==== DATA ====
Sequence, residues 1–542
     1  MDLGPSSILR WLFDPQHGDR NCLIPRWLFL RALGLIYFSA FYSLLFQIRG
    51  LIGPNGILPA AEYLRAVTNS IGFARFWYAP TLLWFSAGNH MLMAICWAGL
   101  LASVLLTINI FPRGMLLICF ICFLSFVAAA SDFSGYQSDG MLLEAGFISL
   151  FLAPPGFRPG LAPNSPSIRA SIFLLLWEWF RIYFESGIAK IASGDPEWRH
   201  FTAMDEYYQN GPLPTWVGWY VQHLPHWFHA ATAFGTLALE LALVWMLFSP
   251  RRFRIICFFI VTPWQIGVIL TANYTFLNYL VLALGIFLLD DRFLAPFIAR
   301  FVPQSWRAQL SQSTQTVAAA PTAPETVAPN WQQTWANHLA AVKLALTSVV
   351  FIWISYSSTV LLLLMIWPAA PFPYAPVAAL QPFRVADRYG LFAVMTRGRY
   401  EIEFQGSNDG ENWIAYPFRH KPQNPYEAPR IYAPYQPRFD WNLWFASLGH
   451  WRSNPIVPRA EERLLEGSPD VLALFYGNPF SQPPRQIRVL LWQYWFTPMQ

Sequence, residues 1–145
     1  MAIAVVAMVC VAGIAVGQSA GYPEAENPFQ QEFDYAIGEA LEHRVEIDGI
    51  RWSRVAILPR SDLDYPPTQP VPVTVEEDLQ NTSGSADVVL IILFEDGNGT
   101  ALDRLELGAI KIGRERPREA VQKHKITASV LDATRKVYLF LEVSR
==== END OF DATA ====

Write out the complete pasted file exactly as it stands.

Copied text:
Sequence, residues 1–542
     1  MDLGPSSILR WLFDPQHGDR NCLIPRWLFL RALGLIYFSA FYSLLFQIRG
    51  LIGPNGILPA AEYLRAVTNS IGFARFWYAP TLLWFSAGNH MLMAICWAGL
   101  LASVLLTINI FPRGMLLICF ICFLSFVAAA SDFSGYQSDG MLLEAGFISL
   151  FLAPPGFRPG LAPNSPSIRA SIFLLLWEWF RIYFESGIAK IASGDPEWRH
   201  FTAMDEYYQN GPLPTWVGWY VQHLPHWFHA ATAFGTLALE LALVWMLFSP
   251  RRFRIICFFI VTPWQIGVIL TANYTFLNYL VLALGIFLLD DRFLAPFIAR
   301  FVPQSWRAQL SQSTQTVAAA PTAPETVAPN WQQTWANHLA AVKLALTSVV
   351  FIWISYSSTV LLLLMIWPAA PFPYAPVAAL QPFRVADRYG LFAVMTRGRY
   401  EIEFQGSNDG ENWIAYPFRH KPQNPYEAPR IYAPYQPRFD WNLWFASLGH
   451  WRSNPIVPRA EERLLEGSPD VLALFYGNPF SQPPRQIRVL LWQYWFTPMQ

Sequence, residues 1–145
     1  MAIAVVAMVC VAGIAVGQSA GYPEAENPFQ QEFDYAIGEA LEHRVEIDGI
    51  RWSRVAILPR SDLDYPPTQP VPVTVEEDLQ NTSGSADVVL IILFEDGNGT
   101  ALDRLELGAI KIGRERPREA VQKHKITASV LDATRKVYLF LEVSR